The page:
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UK news in brief

01 April 2021


Canon Paul Hamilton and Astrid Gillespie outside All Saints’, East Horndon

Canon Paul Hamilton and Astrid Gillespie outside All Saints’, East Horndon

Volunteers rewarded for repairing rave church

TWO volunteers who led the campaign to repair the Grade II* All Saints’, East Horndon, near Brentwood, in Essex, after it was used as the venue for an illegal New Year’s Eve party (News, 8 January), have been recognised in the Ecclesiastical Heritage Hero Awards. Astrid Gillespie and Canon Paul Hamilton were presented with the Digital Heritage Hero Award for their fund-raising efforts — enough to carry out repairs and address additional conservation works. Ms Gillespie, who found out about the rave from a Facebook post on New Year’s Day, said: “It means so much to all of us from The Friends of All Saints’ to have been given this award and to have the support of The Heritage Alliance. We have been overwhelmed with the love and support from everyone who has been involved in helping us to raise money for us to repair the damage at the church.”


Trussell Trust: ‘Nation must be hunger-free’

THE Christian foodbank charity the Trussell Trust is encouraging churches to join its campaign for a hunger-free nation, after reporting that its network of foodbanks handed out 1.2 million emergency food parcels between last April and last September. In the first six months of the pandemic, the demand for foodbanks increased by 47 per cent, and 2600 emergency food parcels were provided for children every day on average, it reports. Its chief executive, Emma Revie, said: “It isn’t right that so many people should be forced to turn to charities and churches for food and other basics. . . We need to . . . build a different future — one in which food banks are no longer needed.” The Trust is due to host online events for church leaders in Northern Ireland on 27 April, England on 28 April, Wales on 8 June, and Scotland on 10 June.


Christians urge NatWest to change defence policy

CHRISTIAN organisations are among the 43 signatories of an open letter to the chief executive of the NatWest Group, Alison Rose. The letter calls on the group to end its £1.6 billion in loans to 11 companies involved in producing nuclear weapons. It urges Ms Rose to update its defence-sector policy to reflect the prohibition of nuclear weapons under international treaty (News, 15 January). The letter points to the “far-reaching and irreversible” consequences of the use of nuclear weapons, and their incompatibility with the principled investment approach of the NatWest Group. It is signed by the Anglican Pacifist Fellowship, Christian CND, Church of Scotland, and Methodist Peace Fellowship, among others.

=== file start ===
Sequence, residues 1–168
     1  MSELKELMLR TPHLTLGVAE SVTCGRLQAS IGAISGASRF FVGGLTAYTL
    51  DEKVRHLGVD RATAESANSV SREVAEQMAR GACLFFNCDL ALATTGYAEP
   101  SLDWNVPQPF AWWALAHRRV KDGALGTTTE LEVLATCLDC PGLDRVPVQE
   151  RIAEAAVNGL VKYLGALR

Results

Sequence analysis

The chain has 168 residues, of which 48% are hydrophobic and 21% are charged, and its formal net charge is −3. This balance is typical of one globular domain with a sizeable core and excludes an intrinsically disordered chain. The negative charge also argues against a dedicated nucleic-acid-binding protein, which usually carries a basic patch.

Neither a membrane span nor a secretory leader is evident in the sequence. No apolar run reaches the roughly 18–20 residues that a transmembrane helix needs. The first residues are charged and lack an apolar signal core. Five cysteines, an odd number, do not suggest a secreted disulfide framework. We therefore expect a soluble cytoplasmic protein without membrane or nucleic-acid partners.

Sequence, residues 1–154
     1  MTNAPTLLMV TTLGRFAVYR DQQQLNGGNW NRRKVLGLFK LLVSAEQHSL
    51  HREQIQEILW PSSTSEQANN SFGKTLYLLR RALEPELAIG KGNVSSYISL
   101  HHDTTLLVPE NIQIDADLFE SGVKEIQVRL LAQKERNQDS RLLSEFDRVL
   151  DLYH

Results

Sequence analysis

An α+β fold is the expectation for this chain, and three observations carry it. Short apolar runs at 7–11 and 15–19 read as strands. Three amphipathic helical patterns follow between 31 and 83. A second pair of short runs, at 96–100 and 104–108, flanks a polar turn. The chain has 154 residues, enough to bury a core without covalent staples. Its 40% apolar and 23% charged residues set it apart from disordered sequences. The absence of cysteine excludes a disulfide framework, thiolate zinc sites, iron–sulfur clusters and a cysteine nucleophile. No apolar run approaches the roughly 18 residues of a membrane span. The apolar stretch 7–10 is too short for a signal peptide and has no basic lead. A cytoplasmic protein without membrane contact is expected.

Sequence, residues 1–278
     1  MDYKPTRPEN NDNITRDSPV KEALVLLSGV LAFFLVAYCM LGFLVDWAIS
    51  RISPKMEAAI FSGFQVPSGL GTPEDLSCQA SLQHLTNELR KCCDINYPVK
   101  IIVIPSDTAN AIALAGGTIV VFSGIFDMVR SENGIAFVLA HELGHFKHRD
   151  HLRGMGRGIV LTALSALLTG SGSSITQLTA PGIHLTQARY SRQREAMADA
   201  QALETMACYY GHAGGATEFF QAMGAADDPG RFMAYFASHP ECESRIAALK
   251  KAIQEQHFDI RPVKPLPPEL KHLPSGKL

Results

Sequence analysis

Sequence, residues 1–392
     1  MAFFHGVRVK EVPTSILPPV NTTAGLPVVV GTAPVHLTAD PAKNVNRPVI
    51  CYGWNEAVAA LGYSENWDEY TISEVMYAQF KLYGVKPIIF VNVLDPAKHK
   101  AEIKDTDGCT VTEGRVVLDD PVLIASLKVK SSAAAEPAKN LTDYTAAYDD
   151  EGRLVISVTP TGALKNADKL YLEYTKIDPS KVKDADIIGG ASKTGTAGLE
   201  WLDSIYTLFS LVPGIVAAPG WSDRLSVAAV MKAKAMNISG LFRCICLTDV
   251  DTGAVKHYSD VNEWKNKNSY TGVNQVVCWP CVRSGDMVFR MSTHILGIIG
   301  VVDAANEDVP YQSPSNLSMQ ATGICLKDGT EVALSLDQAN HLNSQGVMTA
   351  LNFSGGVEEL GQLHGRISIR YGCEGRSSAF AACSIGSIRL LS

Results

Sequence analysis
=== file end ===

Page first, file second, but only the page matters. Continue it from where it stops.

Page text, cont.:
Southwark diocesan synod endorses anti-racism charter

THE Southwark diocesan synod has voted unanimously to adopt a diocesan Anti-Racism Charter, proposed by the Archdeacon of Croydon and Diocesan Lead on Anti-Racism, the Ven. Dr Rosemarie Mallett. The charter commits the diocese to “an explicit theological understanding that God’s kingdom is multi-ethnic”; seeks to combat racism and inequality in theological studies, liturgy, teaching, and prayer; and seeks a clear strategy “to ensure representation and participation of people from diverse ethnic backgrounds” at all levels in the diocese. Dr Mallett described it as a “legacy” to the next generation. “This action must be taken at all levels, working in partnership with our parishes, our schools, our young people, our Cathedral, and our Area and Diocesan Minority Ethnic Anglican Concerns Committees, to ensure that racism in any form is rooted out and diversity is truly our strength.” The charter is at southwark.anglican.org


Methodist Conference to meet in person

THE Methodist Conference arrangements committee agreed last week to work towards the Conference’s going ahead as planned at the Hilton Birmingham Metropole between 24 June and 1 July. The committee expects numbers to be restricted, and will release plans shortly about how those unable to attend can participate online. No fringe events or exhibitions will be held.


Baptist Union to shun fossil fuels

COUNCIL members of the Baptist Union, meeting on Wednesday of last week, voted by a 98.5-per-cent majority to amend its investment policy to read: “We will therefore avoid investment in companies with significant trading in: the extraction, production and refining of oil, gas, tar sand and coal.” Similar moves have been made by the Church of Ireland, the URC, and the Quakers.

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